Edinburgh, Scotland, Jan 15, 2020 / 02:15 pm (CNA).- A Scottish bishop accused of committing plagiarism in his doctoral dissertation told CNA that while he never intentionally committed any act of plagiarism, he will accept whatever consequences might come from the accusation.

“I can categorically state that there was absolutely never any intention to plagiarise any work,” Bishop Stephen Robson of Dunkeld, Scotland, told CNA January 14th.

The bishop’s remarks came in response to a 2019 article in the scholarly journal Analecta Cisterciensia, written by the journal’s editor, Fr. Alkuin Schachenmayr, a Cistercian priest living in an Austrian monastery.

The article claimed that “there seem to be dozens of passages in Robson’s dissertation which are apparently identical or remarkably similar to texts published by other scholars, yet the author does not attribute these sources.”

“My work was checked every stage by Father Herbert Alphonso SJ my supervisor, now deceased. I repeat, whatever the person you mention has claimed, there was never any intention to deceive or plagiarise. I was simply trying to understand St Bernard a bit better,” Robson said.

Robson completed his dissertation, “With the Spirit and Power of Elijah (Lk 1,17). The Prophetic-Reforming Spirituality of Bernard of Clairvaux as Evidenced Particularly in his Letters,” at Rome’s Pontifical Gregorian University in 2003.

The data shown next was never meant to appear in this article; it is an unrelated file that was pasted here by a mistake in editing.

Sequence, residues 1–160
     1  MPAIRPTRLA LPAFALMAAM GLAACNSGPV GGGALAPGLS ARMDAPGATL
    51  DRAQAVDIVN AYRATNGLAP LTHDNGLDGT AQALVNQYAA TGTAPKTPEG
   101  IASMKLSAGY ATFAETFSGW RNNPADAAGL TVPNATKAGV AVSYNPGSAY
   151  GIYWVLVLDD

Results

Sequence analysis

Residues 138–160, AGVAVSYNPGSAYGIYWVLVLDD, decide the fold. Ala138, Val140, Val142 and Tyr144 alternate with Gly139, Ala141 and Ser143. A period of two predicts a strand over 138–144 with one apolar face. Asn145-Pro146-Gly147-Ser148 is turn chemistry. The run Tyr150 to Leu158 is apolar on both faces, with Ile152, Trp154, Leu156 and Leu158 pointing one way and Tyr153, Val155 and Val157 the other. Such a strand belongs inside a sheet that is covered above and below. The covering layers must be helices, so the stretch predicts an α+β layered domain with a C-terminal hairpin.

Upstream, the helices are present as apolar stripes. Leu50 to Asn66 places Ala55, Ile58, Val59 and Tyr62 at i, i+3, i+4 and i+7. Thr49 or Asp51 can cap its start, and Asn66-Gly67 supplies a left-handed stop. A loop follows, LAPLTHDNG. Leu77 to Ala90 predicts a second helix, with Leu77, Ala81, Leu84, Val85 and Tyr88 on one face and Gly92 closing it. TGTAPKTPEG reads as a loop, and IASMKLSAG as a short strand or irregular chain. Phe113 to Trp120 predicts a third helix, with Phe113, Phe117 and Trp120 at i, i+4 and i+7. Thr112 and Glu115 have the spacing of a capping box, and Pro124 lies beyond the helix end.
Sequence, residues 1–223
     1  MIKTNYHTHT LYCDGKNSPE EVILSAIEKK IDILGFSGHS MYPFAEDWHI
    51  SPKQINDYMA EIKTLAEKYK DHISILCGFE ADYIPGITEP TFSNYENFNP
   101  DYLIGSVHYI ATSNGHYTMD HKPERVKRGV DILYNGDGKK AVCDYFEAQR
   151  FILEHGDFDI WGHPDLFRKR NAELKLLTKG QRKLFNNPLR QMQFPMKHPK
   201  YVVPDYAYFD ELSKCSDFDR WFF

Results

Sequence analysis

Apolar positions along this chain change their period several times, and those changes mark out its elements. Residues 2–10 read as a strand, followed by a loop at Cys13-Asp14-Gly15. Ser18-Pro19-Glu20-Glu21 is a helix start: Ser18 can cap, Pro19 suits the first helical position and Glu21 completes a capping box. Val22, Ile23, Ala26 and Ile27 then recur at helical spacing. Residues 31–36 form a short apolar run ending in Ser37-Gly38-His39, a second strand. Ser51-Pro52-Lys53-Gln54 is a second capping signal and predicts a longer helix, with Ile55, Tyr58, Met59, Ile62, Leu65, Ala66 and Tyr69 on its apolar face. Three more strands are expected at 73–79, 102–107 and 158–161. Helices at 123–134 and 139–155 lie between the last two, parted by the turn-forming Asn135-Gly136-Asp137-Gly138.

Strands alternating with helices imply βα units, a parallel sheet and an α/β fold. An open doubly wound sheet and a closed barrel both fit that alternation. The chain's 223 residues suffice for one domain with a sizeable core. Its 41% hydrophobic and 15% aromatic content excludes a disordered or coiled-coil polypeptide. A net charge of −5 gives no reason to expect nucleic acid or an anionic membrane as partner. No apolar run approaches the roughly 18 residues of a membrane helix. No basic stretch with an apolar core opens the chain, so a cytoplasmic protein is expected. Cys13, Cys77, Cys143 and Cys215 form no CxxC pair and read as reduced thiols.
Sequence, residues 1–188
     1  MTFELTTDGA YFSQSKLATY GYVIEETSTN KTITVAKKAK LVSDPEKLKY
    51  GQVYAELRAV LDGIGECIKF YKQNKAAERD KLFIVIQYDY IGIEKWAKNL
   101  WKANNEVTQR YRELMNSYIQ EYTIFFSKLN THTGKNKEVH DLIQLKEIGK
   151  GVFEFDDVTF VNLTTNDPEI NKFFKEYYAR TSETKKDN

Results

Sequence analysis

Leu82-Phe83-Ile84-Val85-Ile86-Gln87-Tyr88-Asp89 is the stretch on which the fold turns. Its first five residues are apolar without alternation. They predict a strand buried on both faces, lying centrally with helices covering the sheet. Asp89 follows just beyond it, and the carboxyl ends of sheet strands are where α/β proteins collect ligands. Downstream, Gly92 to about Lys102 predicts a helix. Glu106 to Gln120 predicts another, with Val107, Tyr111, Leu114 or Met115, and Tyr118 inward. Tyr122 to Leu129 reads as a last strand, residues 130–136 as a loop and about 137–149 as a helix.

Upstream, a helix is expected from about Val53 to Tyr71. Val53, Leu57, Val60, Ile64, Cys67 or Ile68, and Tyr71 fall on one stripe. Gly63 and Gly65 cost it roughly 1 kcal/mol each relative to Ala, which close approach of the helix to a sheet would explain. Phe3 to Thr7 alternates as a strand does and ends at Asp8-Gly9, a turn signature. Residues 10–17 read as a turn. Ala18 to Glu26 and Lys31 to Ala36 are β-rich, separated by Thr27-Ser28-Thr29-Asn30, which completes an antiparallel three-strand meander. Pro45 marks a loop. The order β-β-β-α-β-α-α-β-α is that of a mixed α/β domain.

The text was awarded the university’s 2004 Premio Bellarmino, the annual prize given to the best dissertation completed at the university.

“One must ask whether the jury responsible for awards of excellence at the Gregorian succeeded in identifying one of the institution’s best dissertations of 2003,” Schachenmayr wrote.

Robson’s dissertation was also published as a 2004 book by the Gregorian University’s publishing house.

And while Robson insisted that he had no intention to plagiarize, he told CNA that he will accept the judgment of his alma mater regarding his dissertation.

“I am happy for the Gregorian to nullify my text if they think fit,” the bishop said.
Schachenmayr’s study noted that Robbson’s dissertation contained several passages identical or nearly identical to already published scholarship. Those passages give no indication of their source material.

Among the scholars from whom Robson apparently copied are Bruno Scott James, Jean Leclercq, Friedrich Kempf, and Robert Bartlett, according to Schachenmayr.

Some of those scholars were mentioned as sources in his dissertation, even while particular verbatim passages from them were reproduced without citation. In other cases, identical or nearly identical passages from published scholars who were never referenced as sources at all were included in the dissertation, Schachenmayr showed.

Schachenmayr also suggested that Robson might have used a plagiaristic technique called the “pawn sacrifice,” in order to avoid detection of plagiarism.

“Citing some sources with apparently great vigilance can be used as a way of distracting the reader from the fact that other passages are not properly cited,” Schachenmayr explained.